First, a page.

Best for the new year to all,
Hugh


Re: TDS3044B repair

Tom B
 

Hello All,

I finally had time to get back to fixing the TDS3044B with no display.   The problem turned out to be a bad solder joint on a surface mount choke that supplied Vcc to the display.  The crack was so small it could barely been seen on a microscope.  So, the problem was not the display.  For those that need a display for a TDS3000B, the real part number is NEC NL6448BC20-08E.  The other thing that was helpful in troubleshooting the display was a Hirose connector part number DF9A-31P.  This gave me some more room to probe the display connections on the main board.  Now I need to find the hub bits that hold the handle on the scope.  If someone knows where to get those please let me know.

Tom Bryan

On 11/7/2019 10:00 PM, Tom B wrote:
Hi Dave,

If you look at this video https://urldefense.com/v3/__https://www.youtube.com/watch?v=Z_gvjmKHN4Y__;!b9GWhakWANQ!wEpfxjysOXjFgv3ZjJzwPT00sPf81J7-h9F-OyCNJMU1-f5Y3AG4Mbyun-yU$ it shows a part number on the back of the display as 65BLM04 and on the front of the display the tag says NL6448BC20-08.  If you search each of these part numbers on ebay, the price is very different when they are actually the same part.   The cheapest price I could find for the 65BLM05 is $158.74 (used), while the cheapest price for the NL6448BC20-08 is $88 for a new part. These appear to be exactly the same part.  Any idea if there is any difference?

Tom

On 11/7/2019 2:28 PM, David Kuhn wrote:
https://urldefense.com/v3/__https://www.youtube.com/watch?time_continue=261&;v=iVU0YPIeovM__;!b9GWhakWANQ!wbXzExaWmEY10yA6ddr1j7dzMVPNV7j4iMLI9u6paEFuQ5tXhS6mqOV8S_HN$

https://urldefense.com/v3/__http://lcdparts.net/UBDetail.aspx?ProductID=3796__;!b9GWhakWANQ!wbXzExaWmEY10yA6ddr1j7dzMVPNV7j4iMLI9u6paEFuQ5tXhS6mqCtAAjYv$

Looks like a perfect solution for the NEC on the TDS3000 series and in the
NEC 65BLM05 Display (virtually the same display as the one TEK uses) in the
instruments I do a lot of work on.

Unlike the video, I would not remove the paper exposing the glue when
installing the strips.  I don't want those LED strips permanently in my
LCDs in case they fail.

Dave

On Wed, Nov 6, 2019 at 11:40 PM Harvey White <madyn@dragonworks.info> wrote:


Re: Push-push switch repair (need some theory of operation)

Mlynch001
 

Definitely use a "plastic safe" lubricant. Also one that has proven non-corrosive characteristics. The vast majority of these switches are simply dried out, gentle cleaning and lubrication will restore most to service.

--
Michael Lynch
Dardanelle, AR


Re: Push-push switch repair (need some theory of operation)

bobkrassa
 

This swithc looks similar to the one in the Sencore PR57 AC Powerite. The basic operation is that pushing the button has to cause the latch bar to move sideways. In these switcches that as done by pushing on a fairly steep, small ramp. Looks like the ramp is on the little star wheel. Using small steep ramps to get lateral motion requires a bit of lubrication to keep the ramp smooth and working. In the Powerite, the ramps are on tiny plastic pieces.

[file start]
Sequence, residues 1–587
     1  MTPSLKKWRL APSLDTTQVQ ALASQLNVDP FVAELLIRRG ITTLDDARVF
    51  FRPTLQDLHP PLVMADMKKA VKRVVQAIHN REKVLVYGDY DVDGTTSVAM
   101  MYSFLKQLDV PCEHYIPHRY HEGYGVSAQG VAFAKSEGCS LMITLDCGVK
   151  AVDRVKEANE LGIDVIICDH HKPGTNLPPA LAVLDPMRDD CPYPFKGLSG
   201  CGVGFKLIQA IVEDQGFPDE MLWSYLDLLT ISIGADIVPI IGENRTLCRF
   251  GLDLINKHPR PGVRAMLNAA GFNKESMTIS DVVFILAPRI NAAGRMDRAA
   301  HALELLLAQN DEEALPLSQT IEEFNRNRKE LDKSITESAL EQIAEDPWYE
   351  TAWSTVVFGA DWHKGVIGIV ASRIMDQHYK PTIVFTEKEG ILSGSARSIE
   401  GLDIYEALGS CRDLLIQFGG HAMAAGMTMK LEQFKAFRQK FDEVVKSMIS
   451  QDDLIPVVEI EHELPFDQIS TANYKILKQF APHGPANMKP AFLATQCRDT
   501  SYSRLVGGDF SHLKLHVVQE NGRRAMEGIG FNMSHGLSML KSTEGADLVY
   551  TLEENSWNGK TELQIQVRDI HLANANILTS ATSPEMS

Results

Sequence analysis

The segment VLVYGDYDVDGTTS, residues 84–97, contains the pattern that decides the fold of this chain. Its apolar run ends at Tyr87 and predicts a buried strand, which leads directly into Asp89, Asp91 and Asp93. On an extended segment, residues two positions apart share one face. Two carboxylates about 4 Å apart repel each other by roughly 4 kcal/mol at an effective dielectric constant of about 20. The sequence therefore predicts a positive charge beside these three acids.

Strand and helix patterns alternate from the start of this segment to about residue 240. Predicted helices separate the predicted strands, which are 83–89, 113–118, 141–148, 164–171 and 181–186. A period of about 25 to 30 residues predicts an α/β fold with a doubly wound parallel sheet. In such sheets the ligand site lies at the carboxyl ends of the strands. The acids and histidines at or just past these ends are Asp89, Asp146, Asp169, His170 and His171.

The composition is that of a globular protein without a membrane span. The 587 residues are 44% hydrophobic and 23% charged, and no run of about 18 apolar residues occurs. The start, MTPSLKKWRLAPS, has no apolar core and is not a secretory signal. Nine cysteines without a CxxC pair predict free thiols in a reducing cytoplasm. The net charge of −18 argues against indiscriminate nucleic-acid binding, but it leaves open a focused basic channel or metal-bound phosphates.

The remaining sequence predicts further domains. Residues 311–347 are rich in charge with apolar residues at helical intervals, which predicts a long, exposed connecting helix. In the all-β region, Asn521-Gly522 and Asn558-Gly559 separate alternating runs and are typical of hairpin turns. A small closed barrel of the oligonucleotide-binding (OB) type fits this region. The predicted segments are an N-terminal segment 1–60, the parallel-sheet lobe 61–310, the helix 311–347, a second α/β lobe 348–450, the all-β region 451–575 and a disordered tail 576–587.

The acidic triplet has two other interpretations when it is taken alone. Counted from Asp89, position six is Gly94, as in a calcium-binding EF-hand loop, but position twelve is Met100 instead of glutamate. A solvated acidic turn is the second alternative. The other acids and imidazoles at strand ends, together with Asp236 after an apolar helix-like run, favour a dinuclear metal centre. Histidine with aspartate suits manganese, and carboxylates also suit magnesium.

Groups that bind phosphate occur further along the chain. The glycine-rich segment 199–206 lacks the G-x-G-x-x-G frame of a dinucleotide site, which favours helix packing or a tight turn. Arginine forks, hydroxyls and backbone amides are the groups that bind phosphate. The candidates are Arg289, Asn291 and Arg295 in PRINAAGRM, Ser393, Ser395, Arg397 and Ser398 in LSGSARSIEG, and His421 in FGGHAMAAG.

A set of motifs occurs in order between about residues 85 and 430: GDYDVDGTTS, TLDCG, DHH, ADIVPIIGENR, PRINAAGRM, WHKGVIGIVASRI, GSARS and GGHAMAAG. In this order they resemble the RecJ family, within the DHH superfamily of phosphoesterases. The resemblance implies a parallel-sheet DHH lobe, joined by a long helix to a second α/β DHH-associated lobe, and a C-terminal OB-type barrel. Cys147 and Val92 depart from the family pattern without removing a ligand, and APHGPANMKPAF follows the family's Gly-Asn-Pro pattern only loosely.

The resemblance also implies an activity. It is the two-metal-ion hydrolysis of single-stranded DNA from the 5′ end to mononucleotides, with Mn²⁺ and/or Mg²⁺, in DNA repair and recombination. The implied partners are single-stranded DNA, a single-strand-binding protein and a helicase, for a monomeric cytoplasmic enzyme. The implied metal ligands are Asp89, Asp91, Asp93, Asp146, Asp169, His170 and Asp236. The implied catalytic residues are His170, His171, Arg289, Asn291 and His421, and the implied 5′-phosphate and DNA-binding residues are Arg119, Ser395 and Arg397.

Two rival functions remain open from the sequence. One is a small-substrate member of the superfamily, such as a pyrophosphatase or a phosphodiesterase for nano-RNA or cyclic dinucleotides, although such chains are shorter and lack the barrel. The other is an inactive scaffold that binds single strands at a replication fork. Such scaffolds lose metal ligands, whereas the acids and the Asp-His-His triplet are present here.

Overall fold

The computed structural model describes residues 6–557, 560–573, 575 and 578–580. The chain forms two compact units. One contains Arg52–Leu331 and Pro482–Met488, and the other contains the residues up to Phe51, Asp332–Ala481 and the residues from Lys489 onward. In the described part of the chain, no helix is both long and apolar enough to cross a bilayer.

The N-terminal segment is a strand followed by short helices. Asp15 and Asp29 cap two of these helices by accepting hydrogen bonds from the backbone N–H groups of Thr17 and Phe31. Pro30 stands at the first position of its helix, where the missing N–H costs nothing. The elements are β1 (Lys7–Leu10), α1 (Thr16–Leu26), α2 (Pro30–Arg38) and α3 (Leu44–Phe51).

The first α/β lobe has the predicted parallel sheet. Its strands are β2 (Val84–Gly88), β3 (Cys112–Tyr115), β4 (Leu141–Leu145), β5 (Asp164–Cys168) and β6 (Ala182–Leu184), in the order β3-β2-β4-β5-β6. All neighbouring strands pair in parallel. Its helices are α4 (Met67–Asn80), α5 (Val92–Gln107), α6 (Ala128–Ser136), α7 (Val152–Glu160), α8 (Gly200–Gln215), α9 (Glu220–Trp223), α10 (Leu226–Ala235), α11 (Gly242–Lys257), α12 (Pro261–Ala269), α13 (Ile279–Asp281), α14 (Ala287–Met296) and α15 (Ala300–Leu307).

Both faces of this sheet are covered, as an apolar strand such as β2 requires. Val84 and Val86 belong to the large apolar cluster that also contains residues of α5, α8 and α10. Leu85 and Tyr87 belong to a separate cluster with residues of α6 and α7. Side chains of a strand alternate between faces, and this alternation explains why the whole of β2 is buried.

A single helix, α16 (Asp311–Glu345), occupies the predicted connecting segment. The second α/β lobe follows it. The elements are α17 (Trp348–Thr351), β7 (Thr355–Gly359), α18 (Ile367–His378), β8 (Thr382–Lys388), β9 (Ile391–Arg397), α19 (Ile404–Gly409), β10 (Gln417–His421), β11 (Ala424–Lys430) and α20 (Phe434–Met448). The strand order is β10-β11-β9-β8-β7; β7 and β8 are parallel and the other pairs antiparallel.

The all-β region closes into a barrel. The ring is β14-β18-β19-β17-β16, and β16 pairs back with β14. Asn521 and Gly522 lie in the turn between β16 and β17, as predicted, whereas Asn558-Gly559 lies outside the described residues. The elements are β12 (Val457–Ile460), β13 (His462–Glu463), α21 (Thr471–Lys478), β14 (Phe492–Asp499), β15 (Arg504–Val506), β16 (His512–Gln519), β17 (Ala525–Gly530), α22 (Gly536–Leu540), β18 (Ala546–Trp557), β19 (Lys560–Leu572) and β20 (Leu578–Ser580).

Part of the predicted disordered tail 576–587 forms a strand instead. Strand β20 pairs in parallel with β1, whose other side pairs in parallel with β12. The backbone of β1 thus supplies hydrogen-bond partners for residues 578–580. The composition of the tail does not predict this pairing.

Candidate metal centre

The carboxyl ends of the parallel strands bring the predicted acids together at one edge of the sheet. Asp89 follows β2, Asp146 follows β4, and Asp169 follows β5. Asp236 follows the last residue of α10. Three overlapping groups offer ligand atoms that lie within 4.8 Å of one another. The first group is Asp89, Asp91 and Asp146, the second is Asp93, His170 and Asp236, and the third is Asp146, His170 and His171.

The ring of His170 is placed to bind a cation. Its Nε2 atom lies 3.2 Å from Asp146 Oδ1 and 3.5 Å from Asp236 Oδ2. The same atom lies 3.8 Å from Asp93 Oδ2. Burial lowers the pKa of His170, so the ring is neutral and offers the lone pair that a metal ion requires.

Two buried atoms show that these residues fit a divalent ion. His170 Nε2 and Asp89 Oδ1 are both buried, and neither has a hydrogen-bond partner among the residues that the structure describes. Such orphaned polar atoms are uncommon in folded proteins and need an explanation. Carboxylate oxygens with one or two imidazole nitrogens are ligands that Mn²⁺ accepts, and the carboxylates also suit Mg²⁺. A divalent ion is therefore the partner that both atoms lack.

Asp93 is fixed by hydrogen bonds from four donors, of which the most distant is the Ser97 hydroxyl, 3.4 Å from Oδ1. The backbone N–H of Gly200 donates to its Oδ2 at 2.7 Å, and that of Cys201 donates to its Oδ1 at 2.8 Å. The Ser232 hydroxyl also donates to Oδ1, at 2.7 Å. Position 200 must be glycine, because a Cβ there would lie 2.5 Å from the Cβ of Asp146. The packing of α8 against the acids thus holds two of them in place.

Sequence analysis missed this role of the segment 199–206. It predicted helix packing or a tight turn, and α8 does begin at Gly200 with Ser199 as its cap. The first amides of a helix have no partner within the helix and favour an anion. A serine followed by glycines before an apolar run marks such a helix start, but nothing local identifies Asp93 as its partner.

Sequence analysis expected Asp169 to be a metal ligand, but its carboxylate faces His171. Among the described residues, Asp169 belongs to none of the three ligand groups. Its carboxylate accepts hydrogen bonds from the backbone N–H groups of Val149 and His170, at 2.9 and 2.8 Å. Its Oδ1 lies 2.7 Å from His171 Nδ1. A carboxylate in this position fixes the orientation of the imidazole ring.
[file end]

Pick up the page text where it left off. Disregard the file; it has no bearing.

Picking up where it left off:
I suggest taking the board out but before you unsolder the switch from the board, try flooding the switch with your favorite plastic-safe combination cleaner-lubricant and gently moving the parts back and forth. As a preventive measure, when these switches start to become difficult, do not use force, instead take them out and clean and lube. Do not use WD40.

73 Bob Krassa ACØJL


Tektronix 2245a Flickering Trace

William Schuler
 

Hey guys, newbie here. First of all I want to say thanks for what a great resource this place is! Made my donation two days ago.

I have a Tektronix 2245a, which I bought about a year ago. This is my first scope, and I’m still learning how to use it. I have replaced all the power supply capacitors, and all the voltages test out OK., and the unit runs OK when I first power it on. After about 10 minutes though, I start to get ghost traces and a jumpy, flickering image. Here is a link to a video I made of the unit. https://youtu.be/j6Dqke1CIRE

It is usable for what I do, which is just viewing a signal after it’s gone through a tube amp, but I would like to track down the issue. Any suggestions on where to look?

Thanks everyone, Bill


Re: MEMBERS PLEASE READ: Our annual Group.io payment is due in 2 weeks.

Joe Laffey
 

Sent in a donation PayPal from my other email address. I don’t need credit per se. So no worry.

Thanks for all the hard work.

--
Joe Laffey

On Jan 2, 2020, at 10:24 AM, Victor via Groups.Io <vmcfer=aol.com@groups.io> wrote:


Hi Dennis,
I just read your message and sent you my contribution of USD20.00.Thank you for the great job and effort you are doing all the year.This is a fantastic group. Love it !!!Wish you a Happy New Year 2020.Victor(vmcfer@aol.com)

-----Original Message-----
From: Dennis Tillman W7PF <dennis@ridesoft.com>
To: TekScopes <TekScopes@groups.io>
Sent: Tue, Dec 31, 2019 4:42 am
Subject: [TekScopes] MEMBERS PLEASE READ: Our annual Group.io payment is due in 2 weeks.

Hello everybody,
In a few minutes it will be 2020. This is much further into the future than
I thought I'd ever see. Years ago I was sure someone would have developed a
tiny ultra-thin LED display that can be imbedded into a credit card by 2020.
It would display your current outstanding balance every time the card was
inserted in a reader. If my non-futuristic credit cards only had this
imbedded into them I would certainly not be in my present predicament. I